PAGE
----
Mar 08, 2021
Abstract: In a recently published blog post, Palo Alto Networks claimed that Orca’s SideScanning™ technology delivers only “rudimentary security capabilities,” and the future of cloud security relies on installing their 0.5GB Defender on your workloads. In response, I’ll explain why they got it all wrong and why the future of cloud security is agentless.
I’ll start this blog post with a personal note – I am delighted that Palo Alto Networks has chosen to move away from its earlier approach of threatening competitors with legal action to a productive product vs. product comparison.
Orca’s Agentless Cloud Security Platform, powered by the patent-pending SideScanning technology has several major advantages over the traditional, agent-based PAN Prisma Cloud package.
Coverage has always been the Achilles heel of security. It doesn’t matter how strong your security is if it’s only deployed in a portion of your environment. This is the Maginot Line of cybersecurity – it doesn’t matter how strong or long the walls are. If they don’t cover your entire fortress, they can’t protect it – and agent-based solutions never will.
On average, less than 50% of workloads are covered by agent-based tools. I’ve yet to see any large organization that has managed to reach > 80% coverage using agents – including PAN Prisma Cloud Defenders. The reasons are many and include:
The outcome is always the same – security implementation with more holes than Swiss cheese.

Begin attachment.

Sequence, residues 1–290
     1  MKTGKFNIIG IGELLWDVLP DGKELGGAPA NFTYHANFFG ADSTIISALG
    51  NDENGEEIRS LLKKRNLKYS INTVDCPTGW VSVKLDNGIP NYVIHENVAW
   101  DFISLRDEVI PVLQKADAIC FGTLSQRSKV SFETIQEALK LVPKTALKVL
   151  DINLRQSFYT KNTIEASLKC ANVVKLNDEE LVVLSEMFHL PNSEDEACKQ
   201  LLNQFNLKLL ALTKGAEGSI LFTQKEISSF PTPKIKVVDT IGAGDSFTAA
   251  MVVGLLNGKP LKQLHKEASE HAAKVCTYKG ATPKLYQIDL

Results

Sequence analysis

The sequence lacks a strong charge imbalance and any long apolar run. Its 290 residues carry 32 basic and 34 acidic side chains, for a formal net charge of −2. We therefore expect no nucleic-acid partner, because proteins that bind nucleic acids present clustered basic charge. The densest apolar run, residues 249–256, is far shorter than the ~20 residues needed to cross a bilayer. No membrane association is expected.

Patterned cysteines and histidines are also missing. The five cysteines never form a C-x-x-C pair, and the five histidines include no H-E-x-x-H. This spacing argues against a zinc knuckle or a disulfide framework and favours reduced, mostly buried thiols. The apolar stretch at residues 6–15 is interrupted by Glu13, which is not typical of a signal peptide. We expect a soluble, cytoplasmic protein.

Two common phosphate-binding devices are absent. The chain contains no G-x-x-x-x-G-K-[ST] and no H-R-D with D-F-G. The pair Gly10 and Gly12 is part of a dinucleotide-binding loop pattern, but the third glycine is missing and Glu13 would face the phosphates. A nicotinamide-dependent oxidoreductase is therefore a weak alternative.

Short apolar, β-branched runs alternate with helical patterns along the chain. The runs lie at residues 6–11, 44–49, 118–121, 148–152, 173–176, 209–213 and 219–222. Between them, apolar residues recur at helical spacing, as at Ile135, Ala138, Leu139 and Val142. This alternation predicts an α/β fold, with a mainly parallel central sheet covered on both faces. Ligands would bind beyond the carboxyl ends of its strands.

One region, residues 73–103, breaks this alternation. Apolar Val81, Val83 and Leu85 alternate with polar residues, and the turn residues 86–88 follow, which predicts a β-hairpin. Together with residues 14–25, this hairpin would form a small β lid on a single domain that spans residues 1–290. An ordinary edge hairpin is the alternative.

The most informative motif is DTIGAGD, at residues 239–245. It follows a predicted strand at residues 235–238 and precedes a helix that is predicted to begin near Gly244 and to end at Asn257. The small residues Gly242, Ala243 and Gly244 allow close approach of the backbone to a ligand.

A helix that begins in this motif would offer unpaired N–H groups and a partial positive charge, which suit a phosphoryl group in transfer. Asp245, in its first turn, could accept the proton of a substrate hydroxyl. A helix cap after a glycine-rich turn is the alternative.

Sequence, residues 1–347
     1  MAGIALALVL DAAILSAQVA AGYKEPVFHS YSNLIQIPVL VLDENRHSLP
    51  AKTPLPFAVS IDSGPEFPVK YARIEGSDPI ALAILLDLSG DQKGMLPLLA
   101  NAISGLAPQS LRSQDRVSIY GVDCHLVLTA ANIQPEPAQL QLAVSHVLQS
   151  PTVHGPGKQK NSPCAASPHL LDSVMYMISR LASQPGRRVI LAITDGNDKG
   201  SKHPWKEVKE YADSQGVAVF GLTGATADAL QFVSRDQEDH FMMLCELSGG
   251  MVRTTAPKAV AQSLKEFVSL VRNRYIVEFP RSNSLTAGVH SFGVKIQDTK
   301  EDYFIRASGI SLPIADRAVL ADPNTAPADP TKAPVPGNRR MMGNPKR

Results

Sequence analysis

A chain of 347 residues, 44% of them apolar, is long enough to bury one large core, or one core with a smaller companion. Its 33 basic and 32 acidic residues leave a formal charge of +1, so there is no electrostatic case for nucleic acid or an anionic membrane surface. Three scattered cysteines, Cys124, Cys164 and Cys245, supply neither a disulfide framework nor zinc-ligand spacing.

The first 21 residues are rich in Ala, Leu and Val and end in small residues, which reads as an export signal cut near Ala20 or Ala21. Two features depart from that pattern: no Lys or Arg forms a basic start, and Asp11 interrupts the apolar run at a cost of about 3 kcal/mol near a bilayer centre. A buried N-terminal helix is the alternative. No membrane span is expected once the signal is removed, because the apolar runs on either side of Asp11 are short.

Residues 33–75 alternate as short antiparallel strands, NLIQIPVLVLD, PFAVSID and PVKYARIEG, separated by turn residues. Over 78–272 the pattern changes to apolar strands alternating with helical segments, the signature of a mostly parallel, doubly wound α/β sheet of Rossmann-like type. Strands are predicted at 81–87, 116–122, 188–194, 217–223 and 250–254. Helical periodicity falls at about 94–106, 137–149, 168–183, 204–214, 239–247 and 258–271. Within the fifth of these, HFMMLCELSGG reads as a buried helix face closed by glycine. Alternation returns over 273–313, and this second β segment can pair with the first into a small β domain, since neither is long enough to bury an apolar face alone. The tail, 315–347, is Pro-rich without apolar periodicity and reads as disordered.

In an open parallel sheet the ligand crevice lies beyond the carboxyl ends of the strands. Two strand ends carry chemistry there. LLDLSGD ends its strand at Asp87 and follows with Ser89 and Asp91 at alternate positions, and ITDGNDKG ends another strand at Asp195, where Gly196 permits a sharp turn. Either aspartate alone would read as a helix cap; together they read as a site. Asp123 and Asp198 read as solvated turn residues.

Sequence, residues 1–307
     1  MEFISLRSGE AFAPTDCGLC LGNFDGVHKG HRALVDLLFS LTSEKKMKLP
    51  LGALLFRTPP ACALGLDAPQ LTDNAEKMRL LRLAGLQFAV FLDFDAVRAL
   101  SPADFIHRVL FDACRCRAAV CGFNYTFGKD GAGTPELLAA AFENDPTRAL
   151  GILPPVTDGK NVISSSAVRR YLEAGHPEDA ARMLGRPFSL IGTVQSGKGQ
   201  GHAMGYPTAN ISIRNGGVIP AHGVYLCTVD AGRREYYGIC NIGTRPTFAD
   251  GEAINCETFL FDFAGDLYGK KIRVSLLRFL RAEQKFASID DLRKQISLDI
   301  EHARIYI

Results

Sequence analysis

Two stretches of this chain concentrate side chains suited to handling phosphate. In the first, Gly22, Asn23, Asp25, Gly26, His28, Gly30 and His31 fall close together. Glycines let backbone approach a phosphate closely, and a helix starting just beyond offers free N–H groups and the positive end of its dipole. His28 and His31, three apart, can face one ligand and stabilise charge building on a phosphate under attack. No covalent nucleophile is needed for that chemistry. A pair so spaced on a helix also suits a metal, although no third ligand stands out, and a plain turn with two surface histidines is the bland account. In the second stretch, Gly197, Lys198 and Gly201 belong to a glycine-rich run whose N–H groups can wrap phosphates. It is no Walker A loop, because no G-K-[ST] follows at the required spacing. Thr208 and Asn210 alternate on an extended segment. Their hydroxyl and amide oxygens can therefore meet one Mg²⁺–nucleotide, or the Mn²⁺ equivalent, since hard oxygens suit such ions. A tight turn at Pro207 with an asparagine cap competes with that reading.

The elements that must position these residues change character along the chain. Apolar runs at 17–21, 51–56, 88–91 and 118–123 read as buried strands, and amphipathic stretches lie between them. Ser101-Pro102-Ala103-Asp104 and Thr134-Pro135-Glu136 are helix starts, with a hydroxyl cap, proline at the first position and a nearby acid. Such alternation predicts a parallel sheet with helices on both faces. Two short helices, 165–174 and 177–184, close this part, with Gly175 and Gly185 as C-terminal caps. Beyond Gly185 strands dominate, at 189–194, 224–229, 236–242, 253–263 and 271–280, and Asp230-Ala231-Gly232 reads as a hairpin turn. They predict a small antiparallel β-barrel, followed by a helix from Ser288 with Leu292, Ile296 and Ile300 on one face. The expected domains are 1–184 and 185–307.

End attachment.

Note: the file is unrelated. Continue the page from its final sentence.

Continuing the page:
Frequently, when customers switch from Prisma to Orca they find numerous neglected workloads with literally zero security. They’re rife with vulnerabilities, are already infected many times over, and provide absolutely no visibility.
If you somehow manage to deploy agent-based security on 70% of your environment (which can be considered an extremely successful implementation), your risk reduction remains far below 70%. Ungoverned environments are usually where your real risk resides.
PAN Prisma Cloud is nothing more than a compilation of disparate tools based on a series of acquisitions – without any real integration. In sharp contrast, Orca’s Agentless Cloud Security Platform is purpose-built on a unified data model. We did this because we’re big believers in context. To prioritize risk, one must consider much more than the severity of the underlying security issue; you also need to consider its exposure and potential business impact.
Security practitioners who use Prisma need to do all the heavy lifting themselves to connect its findings across the suite and reach any meaningful conclusions. In a sample environment – one with an internet-exposed workload susceptible to a critical vulnerability running with overly permissive privileges – this shows up in Prisma as one of thousands of alerts, such as ‘critical’ vulnerabilities in blocked services, or overly permissive security groups not connected to anything. This is exactly what we highlighted in our videos that Palo Alto Networks’ lawyers demanded we remove from our website.